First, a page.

Long Island City teen sentenced in fatal shooting of ‘beloved’ school teacher at Queensbridge Houses in 2020: DA

A Long Island City man on Friday, Jan. 28, was sentenced to 19 years in prison for the 2020 fatal shooting of a public school social studies teacher who was out walking his dog when he was caught in the crossfire during a confrontation between gang rivals in broad daylight, just blocks from his home, according to Queens District Attorney’s office.

Ike Ford, 19, of 12th Street, in Long Island City, pleaded guilty to manslaughter in the first degree before Queens Supreme Court Justice Kenneth Holder. The teacher, George Rosa, 53, was shot in his abdomen by a stray bullet fired by Ford, who was just 17 years old at the time of the shooting but was sentenced as an adult given the severity of the crime, according to Queens District Attorney Melinda Katz.

LaGuardia Community College receives federal funding to expand vocational training for the unemployed

LaGuardia Community College recently received more than $400,000 in federal funding to enhance and expand vocational training for underemployed New Yorkers in a city that is still working to recover from COVID-19 pandemic-induced job loss. The support was secured by U.S. Senators Charles Schumer and Kirsten Gillibrand, Congresswoman Nydia Velázquez and former Congresswoman Carolyn B. Maloney.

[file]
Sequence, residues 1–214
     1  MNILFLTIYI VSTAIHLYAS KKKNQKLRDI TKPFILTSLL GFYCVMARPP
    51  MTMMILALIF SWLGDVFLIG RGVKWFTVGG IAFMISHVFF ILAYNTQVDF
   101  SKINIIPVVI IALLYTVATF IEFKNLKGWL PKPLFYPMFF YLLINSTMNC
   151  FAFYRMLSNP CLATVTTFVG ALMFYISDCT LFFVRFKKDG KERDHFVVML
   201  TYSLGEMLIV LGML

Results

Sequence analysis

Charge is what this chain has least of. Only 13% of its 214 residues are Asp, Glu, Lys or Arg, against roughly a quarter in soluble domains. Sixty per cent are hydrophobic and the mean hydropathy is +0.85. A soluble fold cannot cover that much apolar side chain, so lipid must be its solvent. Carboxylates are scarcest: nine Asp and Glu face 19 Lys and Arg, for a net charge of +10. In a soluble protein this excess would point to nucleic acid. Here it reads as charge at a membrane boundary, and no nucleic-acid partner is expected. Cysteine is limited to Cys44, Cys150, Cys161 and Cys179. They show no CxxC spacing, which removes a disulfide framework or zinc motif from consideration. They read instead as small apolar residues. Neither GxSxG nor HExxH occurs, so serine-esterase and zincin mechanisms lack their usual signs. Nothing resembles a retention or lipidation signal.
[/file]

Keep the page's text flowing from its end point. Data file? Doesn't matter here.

LaGuardia Community College President Kenneth Adams explained that the school lost nearly a quarter of its students at the height of the pandemic due to the economic effects of the lockdown on low-income Queens households.

BP launches new advisory panel for youth to become civically engaged in the future of Queens

In an effort to get more young people involved in civics, Queens Borough President Donovan Richards has created a new advisory panel known as the Youth and Young Adult Council to introduce the “youngest and fiercest” community advocates to both community service and organization.

Members of the advisory body will advocate concerns through means of community engagement by participating in one of two cohorts. The first will be made up of high school representatives between the ages of 13 and 17, while the second cohort will be comprised of young adults between the ages of 18 and 25.

These Queens eateries are participating in the upcoming NYC Restaurant Week

NYC Restaurant Week is underway, so nix that skillet and bring family and friends to your favorite neighborhood spot, or get inspired and break bread somewhere new and different. During this special citywide culinary event, food-lovers will enjoy curated menus and prix-fixe prices that are easy on the wallet.

Bookings began on Jan. 17 and are available until Feb. 12, and you can reserve a table at 30 participating Queens restaurants, along with hundreds more across the five boroughs.